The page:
We designed motion simulators to determine acceptable levels of wind-induced structure motion. The simulators measured the response of human subjects to lateral motions similar to those anticipated for the two towers. The accumulated data were used to establish the criteria for an acceptable level of the swaying motion of the two towers.
A viscoelastic damping system was invented and patented to ameliorate the wind-induced dynamic component of building motion by dissipating much of the energy of that motion . . . acting more or less like shock absorbers in an automobile. With these dampers, we could control the swaying motion without having to use large quantities of structural steel. This was the first time engineered dampers were used to resist the wind-induced swaying motion of a building.
A theory was developed for integrating the statistical strength of glass with the dynamic forces of the wind to predict the breakage rate of the glass of the exterior wall. Coupled with a testing program of actual glass samples, we were able to determine rationally the necessary thickness and grade of the glass. Another theory was developed to predict stack action and temperature-induced and wind-induced airflow within a high-rise building; an understanding of these airflows is crucial to controlling fire-generated smoke and reducing the energy consumption of the building. A theory to predict appropriate “parking floors” for elevators was developed to minimize the oscillation of elevator cables, which oscillation is stimulated by the wind-induced, swaying motion of a building. Figure 2 is a comparison of the wind-induced dynamic components of the structure response of the two towers and of the Empire State Building.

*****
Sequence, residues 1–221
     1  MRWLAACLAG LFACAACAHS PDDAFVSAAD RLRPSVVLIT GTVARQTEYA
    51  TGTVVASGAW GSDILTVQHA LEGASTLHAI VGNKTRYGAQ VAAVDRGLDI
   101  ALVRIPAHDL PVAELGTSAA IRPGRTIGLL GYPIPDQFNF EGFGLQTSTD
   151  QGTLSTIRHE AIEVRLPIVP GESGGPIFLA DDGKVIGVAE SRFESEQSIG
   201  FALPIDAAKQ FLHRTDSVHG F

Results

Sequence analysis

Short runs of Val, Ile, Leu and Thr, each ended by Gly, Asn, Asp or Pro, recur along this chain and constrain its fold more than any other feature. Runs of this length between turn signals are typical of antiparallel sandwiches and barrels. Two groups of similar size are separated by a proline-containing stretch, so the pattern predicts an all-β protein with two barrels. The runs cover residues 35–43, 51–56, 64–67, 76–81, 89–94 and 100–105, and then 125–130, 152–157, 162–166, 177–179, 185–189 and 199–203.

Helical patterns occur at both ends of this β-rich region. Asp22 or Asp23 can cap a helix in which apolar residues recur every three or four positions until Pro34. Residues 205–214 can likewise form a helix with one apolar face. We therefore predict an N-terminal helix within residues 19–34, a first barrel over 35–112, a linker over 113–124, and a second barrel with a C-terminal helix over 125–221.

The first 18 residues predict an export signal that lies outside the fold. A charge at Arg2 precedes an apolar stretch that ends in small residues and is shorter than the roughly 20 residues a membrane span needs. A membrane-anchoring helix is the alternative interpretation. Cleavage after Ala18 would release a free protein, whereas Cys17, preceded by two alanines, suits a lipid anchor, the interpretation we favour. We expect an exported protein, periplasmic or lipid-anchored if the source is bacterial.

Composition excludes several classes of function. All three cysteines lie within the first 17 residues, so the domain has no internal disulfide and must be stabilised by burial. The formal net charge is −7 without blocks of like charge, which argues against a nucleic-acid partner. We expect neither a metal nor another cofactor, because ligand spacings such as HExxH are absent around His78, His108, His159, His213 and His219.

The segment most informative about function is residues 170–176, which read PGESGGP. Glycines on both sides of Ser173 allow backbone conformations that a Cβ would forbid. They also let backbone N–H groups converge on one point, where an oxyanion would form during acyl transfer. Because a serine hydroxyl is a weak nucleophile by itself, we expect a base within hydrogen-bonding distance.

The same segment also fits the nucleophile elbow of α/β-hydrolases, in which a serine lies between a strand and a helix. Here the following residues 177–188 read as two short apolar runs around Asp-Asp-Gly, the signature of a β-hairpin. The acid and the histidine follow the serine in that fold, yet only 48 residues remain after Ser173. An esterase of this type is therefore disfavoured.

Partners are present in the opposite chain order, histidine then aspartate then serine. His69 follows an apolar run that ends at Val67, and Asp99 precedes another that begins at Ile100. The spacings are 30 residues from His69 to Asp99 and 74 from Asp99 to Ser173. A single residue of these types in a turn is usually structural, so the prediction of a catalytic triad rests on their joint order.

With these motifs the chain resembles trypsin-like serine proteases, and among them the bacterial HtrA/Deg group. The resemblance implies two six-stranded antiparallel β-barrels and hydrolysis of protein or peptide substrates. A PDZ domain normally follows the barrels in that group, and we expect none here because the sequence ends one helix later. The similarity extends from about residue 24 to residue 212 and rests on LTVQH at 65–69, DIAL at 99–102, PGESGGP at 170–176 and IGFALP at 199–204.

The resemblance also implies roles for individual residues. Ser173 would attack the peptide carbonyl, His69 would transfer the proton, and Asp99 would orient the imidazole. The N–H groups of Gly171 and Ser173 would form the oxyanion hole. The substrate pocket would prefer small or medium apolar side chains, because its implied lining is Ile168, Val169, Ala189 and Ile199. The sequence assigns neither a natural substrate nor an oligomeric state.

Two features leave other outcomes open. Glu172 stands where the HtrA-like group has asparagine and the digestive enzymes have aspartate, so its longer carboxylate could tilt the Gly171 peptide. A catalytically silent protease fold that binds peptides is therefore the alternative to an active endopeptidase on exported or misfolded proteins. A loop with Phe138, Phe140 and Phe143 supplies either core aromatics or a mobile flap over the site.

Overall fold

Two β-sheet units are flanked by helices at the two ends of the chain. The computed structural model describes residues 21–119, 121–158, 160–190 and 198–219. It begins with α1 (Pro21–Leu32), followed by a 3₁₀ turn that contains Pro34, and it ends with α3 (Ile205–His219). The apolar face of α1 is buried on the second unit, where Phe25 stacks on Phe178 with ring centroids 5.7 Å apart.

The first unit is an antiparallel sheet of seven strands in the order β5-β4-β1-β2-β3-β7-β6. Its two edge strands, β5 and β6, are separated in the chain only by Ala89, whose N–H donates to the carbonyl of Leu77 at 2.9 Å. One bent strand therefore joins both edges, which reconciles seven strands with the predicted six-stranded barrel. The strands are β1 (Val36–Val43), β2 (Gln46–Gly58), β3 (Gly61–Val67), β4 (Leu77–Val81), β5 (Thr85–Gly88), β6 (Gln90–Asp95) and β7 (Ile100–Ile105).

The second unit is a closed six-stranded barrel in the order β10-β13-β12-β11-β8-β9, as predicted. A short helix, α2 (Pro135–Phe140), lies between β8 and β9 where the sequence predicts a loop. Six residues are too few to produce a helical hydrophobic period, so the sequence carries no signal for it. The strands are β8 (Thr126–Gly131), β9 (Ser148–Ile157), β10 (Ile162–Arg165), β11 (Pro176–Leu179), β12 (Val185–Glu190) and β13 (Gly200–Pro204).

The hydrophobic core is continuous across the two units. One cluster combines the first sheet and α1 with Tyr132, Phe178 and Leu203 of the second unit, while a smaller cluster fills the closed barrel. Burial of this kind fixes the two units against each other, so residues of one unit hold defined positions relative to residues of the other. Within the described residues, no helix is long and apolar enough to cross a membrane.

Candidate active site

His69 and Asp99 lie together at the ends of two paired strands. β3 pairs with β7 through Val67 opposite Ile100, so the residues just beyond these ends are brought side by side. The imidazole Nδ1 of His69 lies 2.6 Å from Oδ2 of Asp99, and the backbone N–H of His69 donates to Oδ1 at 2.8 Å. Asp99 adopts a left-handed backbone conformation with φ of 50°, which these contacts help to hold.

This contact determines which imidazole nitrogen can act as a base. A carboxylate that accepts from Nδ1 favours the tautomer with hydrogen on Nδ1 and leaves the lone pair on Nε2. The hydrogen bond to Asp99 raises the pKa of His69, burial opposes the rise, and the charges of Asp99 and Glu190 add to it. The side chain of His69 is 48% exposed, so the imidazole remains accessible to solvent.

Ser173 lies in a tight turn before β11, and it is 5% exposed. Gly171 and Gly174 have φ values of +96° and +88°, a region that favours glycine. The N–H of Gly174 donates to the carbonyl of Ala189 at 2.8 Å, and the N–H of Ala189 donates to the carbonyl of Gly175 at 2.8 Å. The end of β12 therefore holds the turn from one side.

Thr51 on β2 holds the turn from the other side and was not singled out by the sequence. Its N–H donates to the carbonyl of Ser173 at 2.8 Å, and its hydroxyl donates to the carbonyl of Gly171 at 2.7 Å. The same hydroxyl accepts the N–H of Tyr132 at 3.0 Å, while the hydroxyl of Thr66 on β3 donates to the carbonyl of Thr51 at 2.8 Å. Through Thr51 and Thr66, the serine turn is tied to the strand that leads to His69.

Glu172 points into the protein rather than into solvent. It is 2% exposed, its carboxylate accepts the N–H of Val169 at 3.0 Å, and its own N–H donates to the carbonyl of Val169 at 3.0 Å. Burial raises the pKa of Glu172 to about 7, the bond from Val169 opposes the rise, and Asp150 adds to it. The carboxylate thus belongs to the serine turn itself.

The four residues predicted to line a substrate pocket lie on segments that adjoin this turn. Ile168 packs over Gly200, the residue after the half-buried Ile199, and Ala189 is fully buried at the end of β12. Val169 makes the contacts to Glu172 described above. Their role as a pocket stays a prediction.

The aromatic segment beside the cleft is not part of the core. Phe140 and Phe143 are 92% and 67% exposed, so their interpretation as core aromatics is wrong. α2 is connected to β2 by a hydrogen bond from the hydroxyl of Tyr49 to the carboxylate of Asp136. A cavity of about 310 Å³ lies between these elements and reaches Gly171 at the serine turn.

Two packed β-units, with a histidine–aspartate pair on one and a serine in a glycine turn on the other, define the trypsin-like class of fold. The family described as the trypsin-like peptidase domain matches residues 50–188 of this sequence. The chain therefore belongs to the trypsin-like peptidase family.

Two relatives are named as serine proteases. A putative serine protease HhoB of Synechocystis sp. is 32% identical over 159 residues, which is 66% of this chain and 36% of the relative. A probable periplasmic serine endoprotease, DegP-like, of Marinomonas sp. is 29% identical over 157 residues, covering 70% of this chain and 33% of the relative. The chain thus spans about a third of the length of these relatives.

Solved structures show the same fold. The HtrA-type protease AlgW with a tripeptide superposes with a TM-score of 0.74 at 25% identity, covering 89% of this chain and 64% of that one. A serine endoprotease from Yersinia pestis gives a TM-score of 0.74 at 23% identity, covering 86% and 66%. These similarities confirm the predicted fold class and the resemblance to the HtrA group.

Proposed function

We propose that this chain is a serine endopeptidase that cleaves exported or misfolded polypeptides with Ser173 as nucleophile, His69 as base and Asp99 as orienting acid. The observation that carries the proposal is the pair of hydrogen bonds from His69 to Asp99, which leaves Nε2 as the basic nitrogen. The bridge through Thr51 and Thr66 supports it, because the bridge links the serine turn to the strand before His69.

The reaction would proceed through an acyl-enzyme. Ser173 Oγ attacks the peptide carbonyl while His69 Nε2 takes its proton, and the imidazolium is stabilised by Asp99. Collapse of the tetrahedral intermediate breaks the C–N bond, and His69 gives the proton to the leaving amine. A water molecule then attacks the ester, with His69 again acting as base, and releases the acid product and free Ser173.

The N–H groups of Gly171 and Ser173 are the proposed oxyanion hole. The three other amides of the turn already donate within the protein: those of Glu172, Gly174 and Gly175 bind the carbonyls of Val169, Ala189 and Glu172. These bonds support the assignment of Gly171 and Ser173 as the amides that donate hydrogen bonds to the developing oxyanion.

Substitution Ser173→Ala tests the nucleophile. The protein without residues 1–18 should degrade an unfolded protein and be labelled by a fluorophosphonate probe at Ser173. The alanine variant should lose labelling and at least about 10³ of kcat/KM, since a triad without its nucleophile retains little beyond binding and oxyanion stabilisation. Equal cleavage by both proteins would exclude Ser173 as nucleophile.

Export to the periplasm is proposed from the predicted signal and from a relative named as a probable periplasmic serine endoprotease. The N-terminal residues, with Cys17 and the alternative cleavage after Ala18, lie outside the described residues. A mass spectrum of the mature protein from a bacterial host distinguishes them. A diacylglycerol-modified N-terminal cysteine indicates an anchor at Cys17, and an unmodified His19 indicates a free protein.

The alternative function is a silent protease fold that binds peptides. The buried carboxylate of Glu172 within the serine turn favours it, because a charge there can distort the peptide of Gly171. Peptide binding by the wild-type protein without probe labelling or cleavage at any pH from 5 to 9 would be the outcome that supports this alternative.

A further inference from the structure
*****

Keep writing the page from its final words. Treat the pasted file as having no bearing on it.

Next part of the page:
The two towers were the first structures outside of the military and nuclear industries designed to resist the impact of a jet airliner, the Boeing 707. It was assumed that the jetliner would be lost in the fog, seeking to land at JFK or at Newark. To the best of our knowledge, little was known about the effects of a fire from such an aircraft, and no designs were prepared for that circumstance. Indeed, at that time, no fireproofing systems were available to control the effects of such fires.
We developed the concept of and made use of the fire-rated shaft-wall partition system, which is now widely used in place of masonry and plaster walls. At that time, masonry was the standard enclosure for elevators, stairs, duct shafts, and other internal structures. The partition system eliminates the need for within-the-shaft scaffolding, which was the common practice, provides more smoke-proof stairs and shafts, and improves safety on the job site. The shaft-wall completely changed the nature of the structural system for the two towers, making them the first of a new kind of high-rise building.